"A twin-engine Piper PA-31 crashed into a home… near Madeira, Ohio. FAA investigators are on their way to the crash site, and the National Transportation Safety Board has been notified. The NTSB will be in charge of the investigation. The FAA and NTSB do not release names of pilots or passengers.", which tracks the movement of planes, shows the Piper left Lunken Airport and then flew north to Springfield, Ohio. The Piper made at least six passes over the Springfield area, then went south and made at least four passes between Middletown and Mason. It then headed south, in the direction of Lunken, which is about five miles south-southwest of the crash site.

The plane was built in 1980, FAA records show. A plane with the same tail number was involved in an accident in 2002, according to documents on AviationDB.Net. The plane hit power lines during a landing at Front Range Airport in Colorado about 20 miles east of Denver. The pilot couldn't see through the windshield because of a window heater failure.

The plane currently is owned by Marc Inc., which a company website describes as "North America's largest provider of contract aircraft and flight crews for airborne GIS survey and surveillance projects." Marc bought the Piper in 2007, FAA records show.

The company's owner, Billy H. Miller, said he was not aware of the crash and directed requests for information to the company's office, which is based at John Bell Williams Airport in Bolton, Mississippi. The airport is owned by Hinds Community College. The company, which owns and operates its own fleet, referred all questions to their attorney, Thomas Bryson, who was not available for comment.

Madeira resident Bill Heckle had been out flying Tuesday, testing his plane’s radio gear. He described the conditions as clear with little wind.

When Heckle landed at Lunken Airport, he noticed that his wife had been calling his cellphone. They live down the street from the crash scene.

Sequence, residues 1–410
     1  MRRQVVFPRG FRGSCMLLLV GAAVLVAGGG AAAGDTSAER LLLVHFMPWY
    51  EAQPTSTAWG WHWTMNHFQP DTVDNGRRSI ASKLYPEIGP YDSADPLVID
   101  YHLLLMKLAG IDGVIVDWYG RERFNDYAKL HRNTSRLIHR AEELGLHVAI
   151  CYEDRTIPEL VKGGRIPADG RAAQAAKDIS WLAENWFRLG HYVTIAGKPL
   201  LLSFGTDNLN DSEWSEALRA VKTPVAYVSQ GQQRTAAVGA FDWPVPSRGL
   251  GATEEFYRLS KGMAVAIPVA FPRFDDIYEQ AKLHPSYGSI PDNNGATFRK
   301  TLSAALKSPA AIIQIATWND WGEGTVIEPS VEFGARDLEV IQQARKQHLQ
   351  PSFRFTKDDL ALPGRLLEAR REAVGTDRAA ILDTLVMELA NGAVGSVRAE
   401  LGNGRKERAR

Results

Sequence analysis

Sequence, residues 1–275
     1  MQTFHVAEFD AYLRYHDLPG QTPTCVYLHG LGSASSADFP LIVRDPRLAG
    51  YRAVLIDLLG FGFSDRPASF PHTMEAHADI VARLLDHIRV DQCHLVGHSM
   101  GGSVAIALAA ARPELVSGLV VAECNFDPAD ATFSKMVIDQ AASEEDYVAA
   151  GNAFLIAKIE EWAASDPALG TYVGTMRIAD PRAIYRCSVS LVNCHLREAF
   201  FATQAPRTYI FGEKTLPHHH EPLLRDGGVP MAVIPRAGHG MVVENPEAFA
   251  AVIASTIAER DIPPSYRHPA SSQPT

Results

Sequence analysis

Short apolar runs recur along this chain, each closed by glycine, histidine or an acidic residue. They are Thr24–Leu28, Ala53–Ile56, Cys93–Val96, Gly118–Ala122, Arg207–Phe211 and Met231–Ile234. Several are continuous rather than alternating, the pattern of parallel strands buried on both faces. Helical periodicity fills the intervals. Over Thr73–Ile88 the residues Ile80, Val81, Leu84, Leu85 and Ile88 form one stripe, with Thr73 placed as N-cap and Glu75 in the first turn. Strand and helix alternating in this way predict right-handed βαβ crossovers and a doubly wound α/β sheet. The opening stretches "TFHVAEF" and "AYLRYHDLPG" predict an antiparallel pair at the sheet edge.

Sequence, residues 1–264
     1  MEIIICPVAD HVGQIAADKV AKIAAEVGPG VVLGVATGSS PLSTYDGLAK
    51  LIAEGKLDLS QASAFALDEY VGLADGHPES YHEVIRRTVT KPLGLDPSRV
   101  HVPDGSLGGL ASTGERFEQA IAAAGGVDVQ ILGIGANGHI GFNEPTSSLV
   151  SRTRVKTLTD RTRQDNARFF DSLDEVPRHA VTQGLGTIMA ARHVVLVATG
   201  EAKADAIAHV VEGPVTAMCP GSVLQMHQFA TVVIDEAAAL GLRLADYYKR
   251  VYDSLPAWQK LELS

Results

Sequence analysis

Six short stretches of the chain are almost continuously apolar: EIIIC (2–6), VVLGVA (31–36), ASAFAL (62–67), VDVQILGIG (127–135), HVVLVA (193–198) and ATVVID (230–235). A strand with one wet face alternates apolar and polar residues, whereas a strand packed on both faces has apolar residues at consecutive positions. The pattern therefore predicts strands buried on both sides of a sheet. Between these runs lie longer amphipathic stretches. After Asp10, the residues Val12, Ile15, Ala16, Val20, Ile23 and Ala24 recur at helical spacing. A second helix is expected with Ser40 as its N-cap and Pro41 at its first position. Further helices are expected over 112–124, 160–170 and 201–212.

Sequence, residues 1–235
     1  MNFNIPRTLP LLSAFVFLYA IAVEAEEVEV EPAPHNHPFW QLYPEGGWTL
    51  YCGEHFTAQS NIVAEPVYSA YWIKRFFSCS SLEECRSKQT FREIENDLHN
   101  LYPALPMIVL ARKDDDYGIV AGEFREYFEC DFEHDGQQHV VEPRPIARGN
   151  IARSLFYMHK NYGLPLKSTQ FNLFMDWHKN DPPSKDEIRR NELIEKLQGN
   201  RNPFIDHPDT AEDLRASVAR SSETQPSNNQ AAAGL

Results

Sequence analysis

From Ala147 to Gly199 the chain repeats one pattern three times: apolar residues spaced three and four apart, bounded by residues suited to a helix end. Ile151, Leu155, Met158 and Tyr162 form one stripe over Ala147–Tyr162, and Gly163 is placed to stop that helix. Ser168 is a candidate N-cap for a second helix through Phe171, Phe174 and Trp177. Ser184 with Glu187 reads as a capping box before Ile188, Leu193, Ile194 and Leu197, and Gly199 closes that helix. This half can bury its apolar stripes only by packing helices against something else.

She was worried because she knew he would have been flying in the area.

“She was pretty distraught when I called,” Heckle said. “She was concerned that it might have been me.”

Story and video ➤

Mandatory credit: Carter Waide
  A body is removed from the site of a plane crash on Rollymeade Avenue, March 12th, 2019, in Madeira, Ohio. Authorities say a Piper PA-31-350 Navajo Chieftain has crashed into a house in a suburban Cincinnati community, killing the pilot.

MADEIRA, Ohio (FOX19) - The pilot killed in a plane crash in a northeastern Cincinnati suburb Tuesday had a current commercial flying license, according to online federal aviation records.

David J. Sapp, 62, is from Sun City in Maricopa County, Arizona, said troopers with the Ohio State Highway Patrol’s Hamilton County post in Blue Ash.

Sapp’s commercial pilot license was issued Jan. 9, 2018, according to online Federal Aviation Administration records.

It’s unclear how long Sapp was a licensed pilot.

We have a call and email into FAA corporate officials for more information.

He was qualified to fly the plane he was in, but the company that owns the Piper PA-31-350 Navajo Chieftain is dissolved, according to online records with the Mississippi Secretary of State’s Office.

We also are checking with the Mississippi Secretary of State’s Office to see why the company that owns the plane is dissolved.

The plane has no prior incidents, according to online federal aviation records.

The National Transportation Safety Board is expected to arrive at the crash scene Wednesday morning as the investigation continues, troopers said.

The plane crashed at 3:18 p.m. Tuesday on Rollymeade Avenue and caught fire after it struck a remodeled portion of a home, said Madeira & Indian Hill Joint Fire District Fire Chief Stephen Ashbrock.

Story and video ➤

MADEIRA, Ohio (WKRC) -- A Piper PA-31-350 Navajo Chieftain crashed into a Madeira home Tuesday afternoon, killing the pilot who was the only person on board.

As first responders rushed to the scene, neighbors also rushed to help.

Carter Waide didn’t have to go far, the plane crash happened in the yard right next to his.

“The flames started and 911 said don't go near it. It was engulfed in flames pretty fast,” said Waide. He says he couldn’t see inside the cockpit and it didn’t look good as parts of the plane's top were missing.

Waide says he spoke to some other neighbors who saw the plane crash.

“They said they both saw that it was coming in very loud. We get a lot of planes going overhead that land at Lunken but they both said it was very low.

The left wing dipped, banked sharply, spun around and went into that house and entered the ground,” said Waide.

The neighborhood sits in the flight path of Lunken Airport, where the pilot was heading when he crashed.

Bill Heckle lives in the neighborhood and is also a pilot. Heckle was flying at the time and says his phone kept ringing, but he didn’t answer it. It was his wife calling.

"She was a bit distraught when I called her because she couldn’t get a hold of me,” said Heckle. “She was concerned that the plane that crashed could have been mine.”

The pilot has been identified as David Sapp, 62, of Glendale, Arizona.

The National Transportation Safety Board will be in Madeira Wednesday morning to investigate.

Story and video ➤

1 comment:

Anonymous said...

If something doesn't seem right, it probably isn't and will most likely not fix its self.